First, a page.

Delia Derbyshire: A Study in Coolness


Delia Derbyshire is the coolest person who ever lived. We all wish we could be as cool as Delia Derbyshire, but we can't, and that's just how it is. We have to accept it about ourselves.
        First things first: Delia Derbyshire's name was Delia Derbyshire. There are few things I love more than a good alliteration, and the most charming alliterations tend to be alliterative names. Once I was bored a few months ago and decided to look through all my Facebook friends and count how many people I know have alliterative names. It was a pathetic number: like, twelve. And of all those twelve, no name came even remotely close to being as lovely as Delia Derbyshire, the loveliest alliterative name there ever was. I kind of feel like changing all my Internet passwords to deliaderbyshire or maybe deliaderbyshire with a number in it. These days, you usually need a number.
       Delia Derbyshire's job was "electronic music pioneer." She is from the adorably Britishly-named town of "Coventry," and was employed by the extremely cool-sounding "BBC Radiophonic Workshop." Think about the name of your job, and then compare it to "the BBC Radiophonic Workshop." Congratulations. Delia Derbyshire has outcooled you yet again. 

Delia Derbyshire wrote the Doctor Who theme song, so how's that for an excellent and whimsical contribution to society? I've never watched an episode of Doctor Who- I'm averse to anything that's science fiction or fantasy or whatever; I like REAL LIFE- but I'm big into this theme song. Listening to the Doctor Who theme song as if it were actual music is really great for: walking home drunk, walking home from the gym in January, walking while you are holding something in either hand so you have to keep your iPod in your bag but don't feel like listening to an album in full, lying in grass, and days when you woke up on the wrong side of the bed.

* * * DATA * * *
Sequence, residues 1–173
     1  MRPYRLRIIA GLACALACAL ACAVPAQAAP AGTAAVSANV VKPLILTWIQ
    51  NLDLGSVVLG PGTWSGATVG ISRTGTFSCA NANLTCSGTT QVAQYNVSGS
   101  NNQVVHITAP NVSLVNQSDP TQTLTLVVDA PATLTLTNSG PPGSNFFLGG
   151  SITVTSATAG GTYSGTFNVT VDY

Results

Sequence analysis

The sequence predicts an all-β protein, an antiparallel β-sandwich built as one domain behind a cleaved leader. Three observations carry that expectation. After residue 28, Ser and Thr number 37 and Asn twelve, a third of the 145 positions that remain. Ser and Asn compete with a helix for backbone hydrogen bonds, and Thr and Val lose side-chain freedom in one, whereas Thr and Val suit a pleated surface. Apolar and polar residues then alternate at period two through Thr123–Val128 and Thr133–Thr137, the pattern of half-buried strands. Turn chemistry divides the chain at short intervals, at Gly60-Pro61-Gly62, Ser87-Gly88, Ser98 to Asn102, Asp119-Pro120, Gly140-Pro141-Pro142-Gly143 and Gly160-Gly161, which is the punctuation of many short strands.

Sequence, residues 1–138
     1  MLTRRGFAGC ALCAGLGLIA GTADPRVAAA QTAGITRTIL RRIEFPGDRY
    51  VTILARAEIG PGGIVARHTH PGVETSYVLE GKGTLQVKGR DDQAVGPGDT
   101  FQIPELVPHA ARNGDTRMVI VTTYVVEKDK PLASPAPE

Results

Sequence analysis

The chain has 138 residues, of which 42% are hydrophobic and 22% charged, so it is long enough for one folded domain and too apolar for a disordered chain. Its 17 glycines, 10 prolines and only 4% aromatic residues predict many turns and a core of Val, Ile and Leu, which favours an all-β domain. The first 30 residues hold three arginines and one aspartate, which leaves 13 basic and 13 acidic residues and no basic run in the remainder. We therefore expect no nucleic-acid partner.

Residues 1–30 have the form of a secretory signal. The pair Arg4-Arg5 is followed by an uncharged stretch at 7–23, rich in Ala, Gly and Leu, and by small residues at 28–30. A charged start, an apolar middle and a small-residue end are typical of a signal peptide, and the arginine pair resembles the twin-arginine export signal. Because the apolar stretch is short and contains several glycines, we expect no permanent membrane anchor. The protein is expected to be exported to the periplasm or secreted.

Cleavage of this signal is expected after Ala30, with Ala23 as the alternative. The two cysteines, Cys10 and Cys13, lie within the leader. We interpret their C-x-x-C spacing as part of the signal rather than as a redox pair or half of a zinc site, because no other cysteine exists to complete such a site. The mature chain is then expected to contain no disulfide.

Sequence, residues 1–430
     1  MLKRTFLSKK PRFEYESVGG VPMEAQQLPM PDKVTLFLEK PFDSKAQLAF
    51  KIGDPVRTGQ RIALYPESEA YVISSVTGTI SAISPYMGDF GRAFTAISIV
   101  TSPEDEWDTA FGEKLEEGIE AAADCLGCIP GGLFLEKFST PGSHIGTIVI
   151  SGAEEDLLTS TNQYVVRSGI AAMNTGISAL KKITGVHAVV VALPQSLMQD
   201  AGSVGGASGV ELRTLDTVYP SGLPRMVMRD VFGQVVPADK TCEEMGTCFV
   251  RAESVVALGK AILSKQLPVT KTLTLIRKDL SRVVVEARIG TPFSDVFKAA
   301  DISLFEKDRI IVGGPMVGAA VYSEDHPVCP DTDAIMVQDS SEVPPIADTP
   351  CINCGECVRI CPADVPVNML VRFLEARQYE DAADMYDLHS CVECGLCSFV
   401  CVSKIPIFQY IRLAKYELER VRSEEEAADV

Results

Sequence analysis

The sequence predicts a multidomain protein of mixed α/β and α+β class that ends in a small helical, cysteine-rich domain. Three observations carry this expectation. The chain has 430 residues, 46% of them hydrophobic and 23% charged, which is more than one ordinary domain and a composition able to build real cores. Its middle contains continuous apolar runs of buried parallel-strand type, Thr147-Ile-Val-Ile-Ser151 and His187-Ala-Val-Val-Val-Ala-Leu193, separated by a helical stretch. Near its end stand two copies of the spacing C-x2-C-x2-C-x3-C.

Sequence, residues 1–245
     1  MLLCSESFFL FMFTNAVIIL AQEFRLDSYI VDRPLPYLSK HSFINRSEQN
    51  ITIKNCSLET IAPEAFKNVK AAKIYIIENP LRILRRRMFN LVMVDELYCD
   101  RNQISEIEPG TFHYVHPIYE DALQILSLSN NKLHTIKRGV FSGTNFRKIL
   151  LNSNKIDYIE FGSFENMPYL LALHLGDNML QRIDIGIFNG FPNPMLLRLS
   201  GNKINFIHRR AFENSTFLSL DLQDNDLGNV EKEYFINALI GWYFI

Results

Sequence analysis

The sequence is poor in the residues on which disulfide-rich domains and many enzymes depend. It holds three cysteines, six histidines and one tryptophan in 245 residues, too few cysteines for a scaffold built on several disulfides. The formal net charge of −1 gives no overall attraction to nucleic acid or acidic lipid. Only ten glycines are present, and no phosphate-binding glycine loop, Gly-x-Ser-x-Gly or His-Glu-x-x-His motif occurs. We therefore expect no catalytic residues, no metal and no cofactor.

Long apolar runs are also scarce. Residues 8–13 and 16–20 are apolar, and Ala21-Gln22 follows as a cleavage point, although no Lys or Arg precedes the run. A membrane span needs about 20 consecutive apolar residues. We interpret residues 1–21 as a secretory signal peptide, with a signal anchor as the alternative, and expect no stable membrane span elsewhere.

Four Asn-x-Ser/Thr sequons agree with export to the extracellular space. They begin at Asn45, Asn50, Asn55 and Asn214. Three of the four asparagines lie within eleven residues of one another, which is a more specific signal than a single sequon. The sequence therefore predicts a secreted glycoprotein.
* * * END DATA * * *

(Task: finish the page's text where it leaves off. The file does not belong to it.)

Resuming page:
This past January was the peak "listening to the Doctor Who theme song as if it were actual music" phase of my life. In January I was mostly working on a novel, so I wrote a bunch of parts into it about my female lead (the alliteratively-named Samantha Silver) being really into Delia Derbyshire too. Here are some paragraphs about it: 

Never one to indulge anyone else in their own bullshit, Sam ignored him. She made a weird rapid movement and knocked her phone and a bottle of Aspirin off the end table. When the Aspirin hit the floor something wet from the floor that had already been there splashed her foot. She didn't pretend it didn't happen because it obviously happened; she just didn't care. She didn't care what the wet thing that splashed her foot was: probably water, worst case scenario beer, but everything tended to just be water.
         She'd planned on changing into more of a party outfit but didn't feel like it anymore. It seemed too high-impact and like she might fall asleep in the middle of doing it, so she wore what she was already wearing, pale jeans and a black and white striped boatneck t-shirt that looked like what she imagined as a child when she imagined "what French people wear." She checked a thousand times for her keys everywhere despite their undeniably being carabined to her carabiner. She walked instead of taking the streetcar because she wanted to squeeze in more "Doctor Who theme song listening time."